Susan O’Conner, aka The Art Lady, has been with Visions since the very beginning. She is literally part of the foundational framework of our residential and outpatient facilities. Susan is also the creator of Art as a Language—a means of using art to “tap the unconscious, release blocked emotions, face vulnerabilities, and acknowledge addictions.” Using art in this way allows our teens to viscerally and tangibly access the underbelly of their emotions in a way that is healing and liberating. Susan is all heart: she is creative and kind, of service, and full of healing energy. Susan is lovingly known as the Art Lady in many recovery environments, having worked in recovery for a decade. Her signature paint-splattered overalls are an indelible symbol of love and heart. We are beyond blessed to have Susan in our midst.The staff completely agrees:
“What an original and special gift Susan brings to Visions. You can see this whenever she arrives at our facilities, as the kids all yell out excitedly, “ART LADY!” She has such an amazing ability to bring out the unconscious creative faculties of the clients, allowing them expression of difficult and otherwise unreachable emotions. She clearly cares about our clients and helping them on their journey of healing. To see Susan in action is to see love itself at work. We are lucky to have her in our Visions family.” – Joseph Rogers
“Art lady: Charisma, charm and creativity sum her up!” – Heather Colligan
“You could never run out of things to say about Susan the “Art Lady.” Susan brings creativity to Wednesday nights and truly adds so much to our program. The clients love working with her and she spreads positivity whenever she is here. In addition to taking care of the kids’ creative voices, she is in tune with the staff’s need to also express ourselves; she often hosts workshops just for us! These past 10 years working with Susan have truly been a gift. Thanks, Susan!” – Chris and Amanda Shumow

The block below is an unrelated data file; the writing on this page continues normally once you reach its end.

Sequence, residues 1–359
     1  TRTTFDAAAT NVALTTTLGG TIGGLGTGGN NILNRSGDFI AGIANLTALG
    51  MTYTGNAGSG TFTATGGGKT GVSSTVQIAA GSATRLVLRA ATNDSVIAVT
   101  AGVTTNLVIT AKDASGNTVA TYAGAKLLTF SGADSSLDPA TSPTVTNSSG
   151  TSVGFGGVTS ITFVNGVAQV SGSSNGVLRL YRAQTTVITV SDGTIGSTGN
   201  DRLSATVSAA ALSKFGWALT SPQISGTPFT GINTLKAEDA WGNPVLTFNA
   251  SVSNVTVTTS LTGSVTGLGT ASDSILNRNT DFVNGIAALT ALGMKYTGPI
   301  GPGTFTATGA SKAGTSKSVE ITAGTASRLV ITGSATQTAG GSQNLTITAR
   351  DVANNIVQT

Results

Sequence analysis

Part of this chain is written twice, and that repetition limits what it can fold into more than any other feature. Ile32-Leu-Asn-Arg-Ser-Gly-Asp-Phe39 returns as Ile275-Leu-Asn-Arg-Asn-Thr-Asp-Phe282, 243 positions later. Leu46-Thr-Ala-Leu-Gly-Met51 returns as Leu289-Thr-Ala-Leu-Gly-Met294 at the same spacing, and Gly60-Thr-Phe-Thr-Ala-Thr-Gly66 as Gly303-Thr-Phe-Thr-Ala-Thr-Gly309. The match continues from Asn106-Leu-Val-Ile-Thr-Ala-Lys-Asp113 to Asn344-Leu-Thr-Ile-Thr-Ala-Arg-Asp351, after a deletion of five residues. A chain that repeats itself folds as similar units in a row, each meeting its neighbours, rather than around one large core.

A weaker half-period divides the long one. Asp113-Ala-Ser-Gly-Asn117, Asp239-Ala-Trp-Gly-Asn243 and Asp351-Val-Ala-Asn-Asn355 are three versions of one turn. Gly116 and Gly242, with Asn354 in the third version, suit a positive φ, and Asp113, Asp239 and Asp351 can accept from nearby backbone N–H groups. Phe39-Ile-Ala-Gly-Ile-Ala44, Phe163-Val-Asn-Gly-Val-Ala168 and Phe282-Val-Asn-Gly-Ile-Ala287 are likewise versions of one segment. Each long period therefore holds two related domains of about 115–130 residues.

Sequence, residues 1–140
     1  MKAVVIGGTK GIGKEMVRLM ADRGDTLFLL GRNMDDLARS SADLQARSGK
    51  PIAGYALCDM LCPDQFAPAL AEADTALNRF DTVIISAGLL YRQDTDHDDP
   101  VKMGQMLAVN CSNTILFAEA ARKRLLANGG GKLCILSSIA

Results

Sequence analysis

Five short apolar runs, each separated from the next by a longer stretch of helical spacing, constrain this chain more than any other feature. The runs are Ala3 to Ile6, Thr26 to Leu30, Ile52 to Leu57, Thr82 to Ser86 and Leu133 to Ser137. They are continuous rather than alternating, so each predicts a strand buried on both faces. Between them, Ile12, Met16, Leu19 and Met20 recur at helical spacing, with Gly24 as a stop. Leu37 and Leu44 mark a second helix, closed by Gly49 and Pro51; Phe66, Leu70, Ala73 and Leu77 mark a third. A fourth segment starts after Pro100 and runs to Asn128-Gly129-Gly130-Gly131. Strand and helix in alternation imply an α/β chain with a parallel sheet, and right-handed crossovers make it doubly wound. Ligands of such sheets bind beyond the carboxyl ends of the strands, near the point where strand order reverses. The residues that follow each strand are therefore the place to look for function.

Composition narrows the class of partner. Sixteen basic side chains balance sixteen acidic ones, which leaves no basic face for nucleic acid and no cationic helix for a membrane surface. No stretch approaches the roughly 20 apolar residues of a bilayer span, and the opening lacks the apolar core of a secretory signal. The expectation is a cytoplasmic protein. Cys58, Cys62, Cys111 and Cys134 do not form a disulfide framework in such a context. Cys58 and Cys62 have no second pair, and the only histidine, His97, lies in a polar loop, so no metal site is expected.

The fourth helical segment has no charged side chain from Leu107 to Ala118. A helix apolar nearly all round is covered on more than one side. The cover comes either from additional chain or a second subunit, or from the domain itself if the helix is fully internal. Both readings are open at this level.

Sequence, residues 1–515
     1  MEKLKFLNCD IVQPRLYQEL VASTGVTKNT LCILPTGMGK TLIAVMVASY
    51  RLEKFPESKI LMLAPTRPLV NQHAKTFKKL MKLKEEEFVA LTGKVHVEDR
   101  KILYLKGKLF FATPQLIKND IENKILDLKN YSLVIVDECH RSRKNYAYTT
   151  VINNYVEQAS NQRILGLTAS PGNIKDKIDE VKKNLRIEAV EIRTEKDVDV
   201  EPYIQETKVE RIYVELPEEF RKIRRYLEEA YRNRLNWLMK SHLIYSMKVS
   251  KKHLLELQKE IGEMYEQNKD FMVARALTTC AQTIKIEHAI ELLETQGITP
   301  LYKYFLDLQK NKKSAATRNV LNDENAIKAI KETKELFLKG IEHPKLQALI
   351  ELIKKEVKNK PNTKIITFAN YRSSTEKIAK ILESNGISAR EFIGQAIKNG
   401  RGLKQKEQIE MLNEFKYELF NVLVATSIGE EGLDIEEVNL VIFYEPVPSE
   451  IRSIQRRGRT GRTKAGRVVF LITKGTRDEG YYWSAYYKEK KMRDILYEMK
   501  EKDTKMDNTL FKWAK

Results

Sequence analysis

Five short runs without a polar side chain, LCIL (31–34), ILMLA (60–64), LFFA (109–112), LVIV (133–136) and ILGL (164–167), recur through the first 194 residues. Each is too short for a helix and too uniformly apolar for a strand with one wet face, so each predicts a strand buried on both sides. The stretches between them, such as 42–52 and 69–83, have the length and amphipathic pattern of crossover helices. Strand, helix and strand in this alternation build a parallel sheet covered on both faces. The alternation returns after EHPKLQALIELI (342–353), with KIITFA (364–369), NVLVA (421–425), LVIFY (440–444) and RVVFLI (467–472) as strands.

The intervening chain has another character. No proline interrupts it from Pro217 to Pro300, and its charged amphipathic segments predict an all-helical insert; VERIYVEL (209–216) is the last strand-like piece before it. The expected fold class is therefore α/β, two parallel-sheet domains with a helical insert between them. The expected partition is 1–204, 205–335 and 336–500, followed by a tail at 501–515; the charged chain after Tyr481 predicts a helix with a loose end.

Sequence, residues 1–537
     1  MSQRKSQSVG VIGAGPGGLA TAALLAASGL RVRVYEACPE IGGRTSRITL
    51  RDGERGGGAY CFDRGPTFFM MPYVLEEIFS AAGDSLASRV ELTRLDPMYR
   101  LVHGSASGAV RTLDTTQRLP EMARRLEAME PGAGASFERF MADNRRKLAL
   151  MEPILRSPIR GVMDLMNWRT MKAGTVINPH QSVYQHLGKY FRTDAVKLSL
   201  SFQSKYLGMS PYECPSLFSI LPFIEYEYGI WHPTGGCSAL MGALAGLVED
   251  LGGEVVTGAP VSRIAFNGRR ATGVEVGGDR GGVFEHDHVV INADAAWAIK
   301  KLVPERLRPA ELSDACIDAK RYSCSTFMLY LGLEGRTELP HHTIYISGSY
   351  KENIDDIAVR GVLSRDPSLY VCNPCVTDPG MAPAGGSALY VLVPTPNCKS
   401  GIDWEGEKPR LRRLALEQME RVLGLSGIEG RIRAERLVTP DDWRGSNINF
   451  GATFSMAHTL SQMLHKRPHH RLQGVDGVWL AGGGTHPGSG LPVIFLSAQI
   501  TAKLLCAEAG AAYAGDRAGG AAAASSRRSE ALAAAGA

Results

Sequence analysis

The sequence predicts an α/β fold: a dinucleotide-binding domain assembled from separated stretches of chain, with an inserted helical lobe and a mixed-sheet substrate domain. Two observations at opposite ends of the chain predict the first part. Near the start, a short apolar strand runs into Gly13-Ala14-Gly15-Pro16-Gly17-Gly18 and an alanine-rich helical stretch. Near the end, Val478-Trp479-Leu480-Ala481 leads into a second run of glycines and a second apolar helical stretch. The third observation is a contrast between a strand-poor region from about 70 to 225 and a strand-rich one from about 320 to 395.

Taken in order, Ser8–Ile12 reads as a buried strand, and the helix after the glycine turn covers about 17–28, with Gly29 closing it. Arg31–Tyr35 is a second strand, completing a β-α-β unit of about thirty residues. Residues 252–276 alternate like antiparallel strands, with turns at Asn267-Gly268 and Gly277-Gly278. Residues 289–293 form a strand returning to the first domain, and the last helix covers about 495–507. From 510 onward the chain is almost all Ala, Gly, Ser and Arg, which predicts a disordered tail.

There’s more! Read on for Susan’s answers to our questions. She never ceases to amaze, really:
1: What is your favorite artistic medium?
It changes quite regularly. Some favorites are collage – paper and
fabric, painting with acrylics, painting with gouache, clay people,
and printmaking, to name a few. Right now it is small clay people in
all sorts of different positions (mostly making social or political
statements) that I quietly put out on the streets, wall, stop signs…
2: Were you always encouraged to follow your artistic path?
Some, but it never mattered. Even as a small child, I drew all my
feelings. I am good at science too – and I like it, so those that
wanted me to get a “real job” thought I should go in that direction.
Needless to say…
3: Where do you go for peace and quiet?
My garden… I sit by my herbs in my garden with any kind of art supply.
So easy to be calm and creative with lavender, rosemary, lemon balm
and basil filling the air. The birds like it when I am out there too.
4: You work with adolescents as well as adults, how are they different in terms of their application of artistic expression?
Adolescents are much more available and still have a bit of hope. My goal is to let them experience the language of color and shape and possibility. Besides, I really like teens. They may be angry but have not yet turned to adult bitterness. Adults require more sensitivity in getting out of their perceived safe heads that are cemented in denial. Most have been addicts for a long time.
They are both fragile groups of people and require a tender solution-oriented touch. Art never lies, so it cracks open even the toughest egg and that can be frightening. My hope is that this new way of expression will help them access the deep profound words that have eluded them for so long.
5: If you were stranded on an island, who or what would you want as company?
My stone-carver husband, our children and grandchildren, lots of art
supplies, a few musical instruments oh, and I guess a way to grow
6: What would you do if you ever stopped painting and drawing?
I would die.
7: Where do you feel most at home?
My studio in the little retro trailer we call home – and always with
8: What makes you laugh out loud?
My funny husband and very funny grandkids… they are my life’s blood.
9: Spring, Summer, Autumn, or Winter?
I actually love all the colors, smells and feelings of all the different seasons. If I have to pick one, it is Fall. My babies were born in October and I travel back to those times every year. I also got clean and sober in October. A very special month.
10: Why do you choose to work for Visions?
I remain honored to have worked for Visions since the beginning. Their philosophy of treating the adolescents with dignity, in turn teaches the kids self respect and respect for others. They are Twelve Step Program oriented. I truly enjoy all these young people, and
their funny humor and crazy music. I am amazed at the openness and willingness they have to understand that Art is truly a Language. Additionally, I think the staff is a committed, supportive, kind group of people that work very hard at understanding the teen mind.